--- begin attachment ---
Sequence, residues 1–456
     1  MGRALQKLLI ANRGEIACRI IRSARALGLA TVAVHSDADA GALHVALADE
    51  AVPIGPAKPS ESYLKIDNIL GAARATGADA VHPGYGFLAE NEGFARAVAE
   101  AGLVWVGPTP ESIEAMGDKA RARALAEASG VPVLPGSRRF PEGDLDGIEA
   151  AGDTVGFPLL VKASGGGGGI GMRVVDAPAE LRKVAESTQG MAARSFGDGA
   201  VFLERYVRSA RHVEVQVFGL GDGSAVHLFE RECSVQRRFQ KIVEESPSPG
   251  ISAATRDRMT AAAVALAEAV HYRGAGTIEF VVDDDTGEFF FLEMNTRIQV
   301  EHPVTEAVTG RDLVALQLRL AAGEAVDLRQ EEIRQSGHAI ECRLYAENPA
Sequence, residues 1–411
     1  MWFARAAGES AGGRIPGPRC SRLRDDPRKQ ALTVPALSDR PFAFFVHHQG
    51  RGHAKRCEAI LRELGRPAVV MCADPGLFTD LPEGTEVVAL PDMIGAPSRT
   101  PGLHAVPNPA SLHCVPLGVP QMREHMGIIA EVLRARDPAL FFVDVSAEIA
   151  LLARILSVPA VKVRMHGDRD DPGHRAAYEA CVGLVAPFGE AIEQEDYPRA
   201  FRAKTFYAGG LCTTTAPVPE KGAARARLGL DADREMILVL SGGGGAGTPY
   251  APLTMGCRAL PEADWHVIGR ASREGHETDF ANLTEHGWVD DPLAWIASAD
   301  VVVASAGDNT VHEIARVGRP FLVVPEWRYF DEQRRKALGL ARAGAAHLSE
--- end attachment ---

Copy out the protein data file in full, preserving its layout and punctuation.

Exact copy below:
Sequence, residues 1–456
     1  MGRALQKLLI ANRGEIACRI IRSARALGLA TVAVHSDADA GALHVALADE
    51  AVPIGPAKPS ESYLKIDNIL GAARATGADA VHPGYGFLAE NEGFARAVAE
   101  AGLVWVGPTP ESIEAMGDKA RARALAEASG VPVLPGSRRF PEGDLDGIEA
   151  AGDTVGFPLL VKASGGGGGI GMRVVDAPAE LRKVAESTQG MAARSFGDGA
   201  VFLERYVRSA RHVEVQVFGL GDGSAVHLFE RECSVQRRFQ KIVEESPSPG
   251  ISAATRDRMT AAAVALAEAV HYRGAGTIEF VVDDDTGEFF FLEMNTRIQV
   301  EHPVTEAVTG RDLVALQLRL AAGEAVDLRQ EEIRQSGHAI ECRLYAENPA
Sequence, residues 1–411
     1  MWFARAAGES AGGRIPGPRC SRLRDDPRKQ ALTVPALSDR PFAFFVHHQG
    51  RGHAKRCEAI LRELGRPAVV MCADPGLFTD LPEGTEVVAL PDMIGAPSRT
   101  PGLHAVPNPA SLHCVPLGVP QMREHMGIIA EVLRARDPAL FFVDVSAEIA
   151  LLARILSVPA VKVRMHGDRD DPGHRAAYEA CVGLVAPFGE AIEQEDYPRA
   201  FRAKTFYAGG LCTTTAPVPE KGAARARLGL DADREMILVL SGGGGAGTPY
   251  APLTMGCRAL PEADWHVIGR ASREGHETDF ANLTEHGWVD DPLAWIASAD
   301  VVVASAGDNT VHEIARVGRP FLVVPEWRYF DEQRRKALGL ARAGAAHLSE